Advancements in minimally invasive surgery have led to increases in popularity of single-incision laparoscopic surgery (SILS) and natural orifice translumenal surgery (NOTES(®); American Society for Gastrointestinal Endoscopy [Oak Brook, IL] and Society of American Gastrointestinal and Endoscopic Surgeons [Los Angeles, CA]) due to their postulated benefits of better cosmesis, less pain, and quicker recovery. This questionnaire-based study investigated Danish surgeons' attitudes toward these new procedures.
A 26-item questionnaire was developed and distributed electronically via e-mail to a total of 1253 members of The Danish Society of Surgeons and The Danish Society of Young Surgeons.
In total, 352 (approximately 30%) surgeons completed the questionnaire, 54.4% were over 50 years of age, and 76.6% were men. When choosing surgery, the most important factors taken into consideration were the risk of complication and short convalescence, whereas the least important factors were cosmesis and option of local anaesthesia. If the surgeons themselves were to undergo cholecystectomy, 35.5% would choose SILS, and 14.5% would choose NOTES provided that the risk was equal to traditional laparoscopy (3%). The fraction of surgeons willing to learn SILS and NOTES was 44.6% and 32.7%, respectively. The desire to learn was higher among less experienced and surgically active surgeons. Of the responders, 68.8% considered SILS and 43.2% considered NOTES would become standard techniques for cholecystectomy within 6 years.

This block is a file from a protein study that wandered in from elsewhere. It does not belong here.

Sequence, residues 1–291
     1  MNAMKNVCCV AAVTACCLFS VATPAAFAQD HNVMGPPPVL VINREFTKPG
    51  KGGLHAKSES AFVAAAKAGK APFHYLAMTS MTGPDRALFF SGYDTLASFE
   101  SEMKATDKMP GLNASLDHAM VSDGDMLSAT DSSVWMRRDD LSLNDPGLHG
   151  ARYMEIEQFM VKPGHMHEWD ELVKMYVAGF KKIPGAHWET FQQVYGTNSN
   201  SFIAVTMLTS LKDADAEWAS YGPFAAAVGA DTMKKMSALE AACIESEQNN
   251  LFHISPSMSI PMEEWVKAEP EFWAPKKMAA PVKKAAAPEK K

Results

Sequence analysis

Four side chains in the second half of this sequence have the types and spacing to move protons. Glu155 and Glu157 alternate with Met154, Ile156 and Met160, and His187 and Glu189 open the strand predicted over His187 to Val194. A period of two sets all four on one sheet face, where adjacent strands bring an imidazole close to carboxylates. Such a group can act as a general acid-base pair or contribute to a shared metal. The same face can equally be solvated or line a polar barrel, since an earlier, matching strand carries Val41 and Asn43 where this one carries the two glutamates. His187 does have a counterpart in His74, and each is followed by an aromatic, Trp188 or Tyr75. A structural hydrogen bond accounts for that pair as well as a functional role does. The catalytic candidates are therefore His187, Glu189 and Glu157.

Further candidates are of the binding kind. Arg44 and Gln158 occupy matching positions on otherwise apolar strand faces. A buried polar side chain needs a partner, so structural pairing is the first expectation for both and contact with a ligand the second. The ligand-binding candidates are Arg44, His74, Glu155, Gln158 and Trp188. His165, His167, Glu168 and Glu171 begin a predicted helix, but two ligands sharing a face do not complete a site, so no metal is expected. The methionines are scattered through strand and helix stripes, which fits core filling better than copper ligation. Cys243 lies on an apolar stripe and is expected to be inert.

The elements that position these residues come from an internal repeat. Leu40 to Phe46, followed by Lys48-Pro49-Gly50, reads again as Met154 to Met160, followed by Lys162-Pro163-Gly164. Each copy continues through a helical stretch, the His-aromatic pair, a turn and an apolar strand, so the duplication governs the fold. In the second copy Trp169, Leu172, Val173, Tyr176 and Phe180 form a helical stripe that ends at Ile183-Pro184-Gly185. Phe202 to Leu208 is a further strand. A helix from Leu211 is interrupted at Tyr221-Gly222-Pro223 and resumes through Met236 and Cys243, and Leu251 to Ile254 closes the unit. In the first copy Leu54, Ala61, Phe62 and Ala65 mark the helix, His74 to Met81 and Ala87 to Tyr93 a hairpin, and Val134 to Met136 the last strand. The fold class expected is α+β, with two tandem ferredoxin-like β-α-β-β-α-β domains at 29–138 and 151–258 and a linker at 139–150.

The importance of risk of complications has not surprisingly a high priority among surgeons in this questionnaire. Why this is has to be investigated further before implementing SILS and NOTES as standard of care.
Outcomes for patients with oesophago-gastric cancer are variable across Europe. The reasons for this variability are not clear. The aim of this study was to describe and analyse clinical pathways to understand differences in service provision for oesophageal and gastric cancer in the countries participating in the EURECCA Upper GI group.